Mexican Air Force C-27J makes its operational debut

The first C-27J wearing the Mexican colours has performed a series of flights over Mexico City during the traditional parade that celebrate the Mexican Independence’s anniversary.

Along with Alenia Aeronautica’s Spartan, the first of four Mexican C-27Js, selected on Jul. 6, 2011, has performed several flypasts in formation with many other aircraft of the Mexican Air Force fleet.

Coded 3401, the new aircraft will be used to troops, goods and medicines transportation, logistical re-supply, MEDEVAC (Medical Evacuation), airdrop operations, paratroopers’ launches, search and rescue (SAR), fire fighting, humanitarian assistance, release of liquids dispersing hydrocarbons in the sea in the event of accidents on oil platforms, and homeland security support missions.

The C-27J is an extremely maneuverable aircraft capable of taking off from and landing on unprepared strips, less-than-500 m. long, with maximum take-off weight of 30,500 kg; it may carry up to 60 equipped soldiers or up to 46 paratroopers and, in the air ambulance version, 36 stretchers and 6 medical assistants. The large cross section (2,60 meters high, 3,33 metres wide) and high floor strength (4,900 kg/m load capability) allow heavy and large complete military equipment to be loaded. The C-27J can, for example, transport Hummer, engines of fighter and transport aircraft, such as C-130, Eurofighter Typhoon, F-16 and Mirage 2000, directly on their normal engine dollies without further special equipment.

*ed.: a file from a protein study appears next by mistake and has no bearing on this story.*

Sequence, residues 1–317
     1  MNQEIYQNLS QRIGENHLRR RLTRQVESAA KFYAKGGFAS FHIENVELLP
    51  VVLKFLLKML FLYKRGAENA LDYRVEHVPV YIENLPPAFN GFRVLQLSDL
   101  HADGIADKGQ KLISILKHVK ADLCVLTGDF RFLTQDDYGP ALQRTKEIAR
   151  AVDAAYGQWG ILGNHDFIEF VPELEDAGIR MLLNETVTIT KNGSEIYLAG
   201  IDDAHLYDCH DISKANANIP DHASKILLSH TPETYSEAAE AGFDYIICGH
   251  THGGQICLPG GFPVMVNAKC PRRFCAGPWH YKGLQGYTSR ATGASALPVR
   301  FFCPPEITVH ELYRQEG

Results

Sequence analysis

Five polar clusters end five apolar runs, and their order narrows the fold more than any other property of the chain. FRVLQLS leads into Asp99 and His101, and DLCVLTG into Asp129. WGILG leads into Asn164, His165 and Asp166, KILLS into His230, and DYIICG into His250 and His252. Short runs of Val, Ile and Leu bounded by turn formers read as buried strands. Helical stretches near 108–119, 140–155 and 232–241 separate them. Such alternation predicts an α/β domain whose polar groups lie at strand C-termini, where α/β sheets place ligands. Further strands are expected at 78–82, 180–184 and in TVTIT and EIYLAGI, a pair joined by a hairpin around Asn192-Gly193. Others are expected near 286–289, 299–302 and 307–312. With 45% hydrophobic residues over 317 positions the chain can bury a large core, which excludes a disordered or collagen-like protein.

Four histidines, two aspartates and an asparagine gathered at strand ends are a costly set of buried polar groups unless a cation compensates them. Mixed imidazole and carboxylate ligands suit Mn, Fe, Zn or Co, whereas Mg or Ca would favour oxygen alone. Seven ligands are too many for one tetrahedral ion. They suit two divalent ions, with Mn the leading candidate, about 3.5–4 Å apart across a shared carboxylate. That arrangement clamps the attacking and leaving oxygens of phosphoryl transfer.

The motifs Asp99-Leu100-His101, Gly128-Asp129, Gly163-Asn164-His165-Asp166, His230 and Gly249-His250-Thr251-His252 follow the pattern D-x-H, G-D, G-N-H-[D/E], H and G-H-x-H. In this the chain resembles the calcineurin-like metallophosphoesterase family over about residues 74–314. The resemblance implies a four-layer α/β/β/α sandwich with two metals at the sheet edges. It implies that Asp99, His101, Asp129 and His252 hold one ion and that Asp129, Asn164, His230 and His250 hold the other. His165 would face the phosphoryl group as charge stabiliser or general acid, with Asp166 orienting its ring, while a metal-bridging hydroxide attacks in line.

Noteworthy, the C-27J is particularly suited for Special Operations. As I’ve already written on this weblog, at the end of June Alenia Aeronautica, announced that it is evaluating the feasibility of an aircraft for the Italian Air Force to support National Special Forces Operations. Withing the so-called Pretorian Programme, technical solutions for providing weapons and integrated weapon systems, Communications Intelligence (COMINT), EO/IR Sensor (Electro optical/Infra-red) to the C-27J are under evaluation.

The ItAF has a C-27J equipped with LIDAR (Light Detection And Ranging), a special equipement for the detection and measurement of airborne particles, and it could use the same aircraft for the BONAS  (BOmb factory detection by Networks of Advanced Sensors) cooperative project whose aim is to build up a sensor network that will help to geo-locate the vicinity of a “bomb factory” by detecting traces of chemicals used in IED production.

About David Cenciotti
David Cenciotti is a journalist based in Rome, Italy. He is the Founder and Editor of “The Aviationist”, one of the world’s most famous and read military aviation blogs. Since 1996, he has written for major worldwide magazines, including Air Forces Monthly, Combat Aircraft, and many others, covering aviation, defense, war, industry, intelligence, crime and cyberwar. He has reported from the U.S., Europe, Australia and Syria, and flown several combat planes with different air forces. He is a former 2nd Lt. of the Italian Air Force, a private pilot and a graduate in Computer Engineering. He has written five books and contributed to many more ones.